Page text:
University of Cambridge > Talks.cam > Logic and Semantics Seminar (Computer Laboratory) > Automatic reduction of differential semantics for protein-protein interaction networks, by abstract interpretation

Automatic reduction of differential semantics for protein-protein interaction networks, by abstract interpretation

Add to your list(s) Download to your calendar using vCal

If you have a question about this talk, please contact Sam Staton.

Modelers of molecular signaling networks must cope with the combinatorial explosion of protein states generated by post-translational modifications and complex formation. Rule-based models provide a powerful alternative to approaches that require an explicit enumeration of all possible molecular species of a system. Such models consist of formal rules stipulating the (partial) contexts for specific protein-protein interactions to occur. These contexts specify molecular patterns that are usually less detailed than molecular species. Yet, the execution of rule-based dynamics requires stochastic simulation, which can be very costly. It thus appears desirable to convert a rule-based model into a reduced system of differential equations by exploiting the lower resolution at which rules specify interactions. We present a formal (and automated) abstract interpretation-based method for constructing a coarse-grained and self-consistent dynamical system aimed at molecular patterns that are distinguishable by the dynamics of the original system as posited by the rules. The method is formally sound and never requires the execution of the rule-based model. The coarse-grained variables do not depend on the values of the rate constants appearing in the rules, and typically form a system of greatly reduced dimension that can be amenable to numerical integration and further model reduction techniques.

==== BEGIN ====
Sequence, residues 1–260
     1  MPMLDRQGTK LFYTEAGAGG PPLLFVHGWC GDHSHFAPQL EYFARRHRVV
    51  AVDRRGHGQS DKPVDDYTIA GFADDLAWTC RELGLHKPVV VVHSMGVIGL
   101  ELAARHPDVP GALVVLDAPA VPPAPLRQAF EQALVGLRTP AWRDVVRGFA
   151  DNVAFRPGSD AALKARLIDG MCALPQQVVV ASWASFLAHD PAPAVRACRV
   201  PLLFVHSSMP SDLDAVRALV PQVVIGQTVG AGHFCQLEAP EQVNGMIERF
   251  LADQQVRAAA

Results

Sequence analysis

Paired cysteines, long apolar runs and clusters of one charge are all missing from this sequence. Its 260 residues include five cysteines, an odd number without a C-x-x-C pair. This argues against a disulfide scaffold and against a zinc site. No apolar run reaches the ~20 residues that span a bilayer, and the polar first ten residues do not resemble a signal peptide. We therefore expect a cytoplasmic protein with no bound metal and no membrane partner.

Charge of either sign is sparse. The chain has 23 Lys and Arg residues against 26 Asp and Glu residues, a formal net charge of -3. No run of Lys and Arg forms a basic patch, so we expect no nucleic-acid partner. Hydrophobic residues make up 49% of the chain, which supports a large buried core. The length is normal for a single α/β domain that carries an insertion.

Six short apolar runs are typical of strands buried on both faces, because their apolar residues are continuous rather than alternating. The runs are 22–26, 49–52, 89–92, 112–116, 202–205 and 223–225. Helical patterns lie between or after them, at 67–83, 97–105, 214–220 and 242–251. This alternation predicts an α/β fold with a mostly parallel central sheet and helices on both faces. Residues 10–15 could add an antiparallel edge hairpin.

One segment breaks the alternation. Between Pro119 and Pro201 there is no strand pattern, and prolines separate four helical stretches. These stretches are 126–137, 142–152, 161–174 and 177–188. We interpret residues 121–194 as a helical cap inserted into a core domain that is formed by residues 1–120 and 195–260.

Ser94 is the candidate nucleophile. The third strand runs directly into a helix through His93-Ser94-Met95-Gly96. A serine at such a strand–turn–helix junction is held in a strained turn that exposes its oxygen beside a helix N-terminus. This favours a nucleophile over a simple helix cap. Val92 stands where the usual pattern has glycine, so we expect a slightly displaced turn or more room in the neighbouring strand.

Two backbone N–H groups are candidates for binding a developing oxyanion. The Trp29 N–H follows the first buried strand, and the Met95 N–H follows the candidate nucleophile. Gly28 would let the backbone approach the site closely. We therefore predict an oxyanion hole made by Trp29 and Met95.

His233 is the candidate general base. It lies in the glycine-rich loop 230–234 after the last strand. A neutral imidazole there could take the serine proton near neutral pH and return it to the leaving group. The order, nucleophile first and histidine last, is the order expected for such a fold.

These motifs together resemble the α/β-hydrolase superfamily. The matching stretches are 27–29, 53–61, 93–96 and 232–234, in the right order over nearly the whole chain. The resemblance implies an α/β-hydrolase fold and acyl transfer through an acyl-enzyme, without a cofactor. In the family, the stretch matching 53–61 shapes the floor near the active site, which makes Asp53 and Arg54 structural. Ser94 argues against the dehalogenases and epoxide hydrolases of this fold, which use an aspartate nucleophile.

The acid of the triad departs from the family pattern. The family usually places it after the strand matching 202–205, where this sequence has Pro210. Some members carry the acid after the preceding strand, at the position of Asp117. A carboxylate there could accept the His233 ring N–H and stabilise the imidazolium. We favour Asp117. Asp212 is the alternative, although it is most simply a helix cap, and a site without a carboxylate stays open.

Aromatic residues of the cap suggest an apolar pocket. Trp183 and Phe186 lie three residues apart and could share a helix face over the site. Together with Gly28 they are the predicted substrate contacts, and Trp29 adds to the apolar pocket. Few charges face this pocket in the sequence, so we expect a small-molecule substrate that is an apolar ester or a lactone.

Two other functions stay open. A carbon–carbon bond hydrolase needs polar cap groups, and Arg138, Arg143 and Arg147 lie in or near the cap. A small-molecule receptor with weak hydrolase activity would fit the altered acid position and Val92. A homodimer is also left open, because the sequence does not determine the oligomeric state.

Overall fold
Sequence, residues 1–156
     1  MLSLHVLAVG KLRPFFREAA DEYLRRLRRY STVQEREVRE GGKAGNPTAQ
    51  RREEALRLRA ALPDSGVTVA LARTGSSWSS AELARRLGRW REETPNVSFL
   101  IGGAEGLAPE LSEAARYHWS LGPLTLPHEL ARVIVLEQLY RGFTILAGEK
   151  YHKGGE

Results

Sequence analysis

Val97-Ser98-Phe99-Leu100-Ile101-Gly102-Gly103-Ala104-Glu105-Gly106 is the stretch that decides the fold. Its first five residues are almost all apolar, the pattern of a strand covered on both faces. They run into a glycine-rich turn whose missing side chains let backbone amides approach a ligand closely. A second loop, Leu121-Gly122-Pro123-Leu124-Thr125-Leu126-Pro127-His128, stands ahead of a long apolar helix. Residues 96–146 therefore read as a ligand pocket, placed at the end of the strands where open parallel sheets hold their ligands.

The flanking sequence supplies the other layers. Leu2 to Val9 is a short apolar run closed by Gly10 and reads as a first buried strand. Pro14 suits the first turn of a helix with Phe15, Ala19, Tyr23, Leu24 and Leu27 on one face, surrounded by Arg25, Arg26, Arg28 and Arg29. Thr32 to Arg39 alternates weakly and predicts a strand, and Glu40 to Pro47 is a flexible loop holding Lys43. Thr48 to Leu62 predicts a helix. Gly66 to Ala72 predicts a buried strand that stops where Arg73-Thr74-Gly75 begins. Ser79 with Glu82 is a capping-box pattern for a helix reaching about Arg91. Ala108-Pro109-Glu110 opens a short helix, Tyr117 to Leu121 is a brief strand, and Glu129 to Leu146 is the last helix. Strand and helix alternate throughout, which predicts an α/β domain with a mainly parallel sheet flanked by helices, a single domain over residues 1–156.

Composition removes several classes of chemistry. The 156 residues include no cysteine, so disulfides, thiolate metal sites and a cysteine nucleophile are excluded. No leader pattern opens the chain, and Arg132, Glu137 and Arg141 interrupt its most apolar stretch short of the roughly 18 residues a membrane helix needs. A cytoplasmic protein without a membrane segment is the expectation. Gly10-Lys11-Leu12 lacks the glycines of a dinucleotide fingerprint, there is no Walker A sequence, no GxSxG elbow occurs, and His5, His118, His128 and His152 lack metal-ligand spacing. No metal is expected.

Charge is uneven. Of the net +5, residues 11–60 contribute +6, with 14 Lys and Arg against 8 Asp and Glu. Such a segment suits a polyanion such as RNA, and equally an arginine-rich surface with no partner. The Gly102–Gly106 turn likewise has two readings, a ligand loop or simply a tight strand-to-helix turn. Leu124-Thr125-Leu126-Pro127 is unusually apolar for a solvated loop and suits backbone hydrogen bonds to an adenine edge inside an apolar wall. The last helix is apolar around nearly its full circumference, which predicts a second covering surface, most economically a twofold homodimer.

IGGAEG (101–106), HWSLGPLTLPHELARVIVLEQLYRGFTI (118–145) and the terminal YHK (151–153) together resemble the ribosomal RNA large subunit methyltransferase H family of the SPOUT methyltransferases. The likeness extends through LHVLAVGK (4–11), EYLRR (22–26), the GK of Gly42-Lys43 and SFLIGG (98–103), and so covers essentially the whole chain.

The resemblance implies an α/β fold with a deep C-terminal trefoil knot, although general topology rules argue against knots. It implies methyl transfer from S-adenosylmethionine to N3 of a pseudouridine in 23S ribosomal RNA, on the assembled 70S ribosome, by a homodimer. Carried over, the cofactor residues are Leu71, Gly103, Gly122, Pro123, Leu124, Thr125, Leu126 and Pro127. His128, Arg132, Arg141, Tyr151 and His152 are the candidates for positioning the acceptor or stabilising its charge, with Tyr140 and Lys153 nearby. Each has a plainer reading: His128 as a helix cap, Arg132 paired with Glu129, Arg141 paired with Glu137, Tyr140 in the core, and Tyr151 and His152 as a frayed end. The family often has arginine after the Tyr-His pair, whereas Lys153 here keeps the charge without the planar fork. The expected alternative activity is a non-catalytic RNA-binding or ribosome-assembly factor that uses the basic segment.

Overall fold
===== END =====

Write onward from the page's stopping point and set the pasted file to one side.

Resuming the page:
This talk is part of the Logic and Semantics Seminar (Computer Laboratory) series.

Tell a friend about this talk:

This talk is included in these lists:

Note that ex-directory lists are not shown.

 

© 2006-2017 Talks.cam, University of Cambridge. Contact Us | Help and Documentation | Privacy and Publicity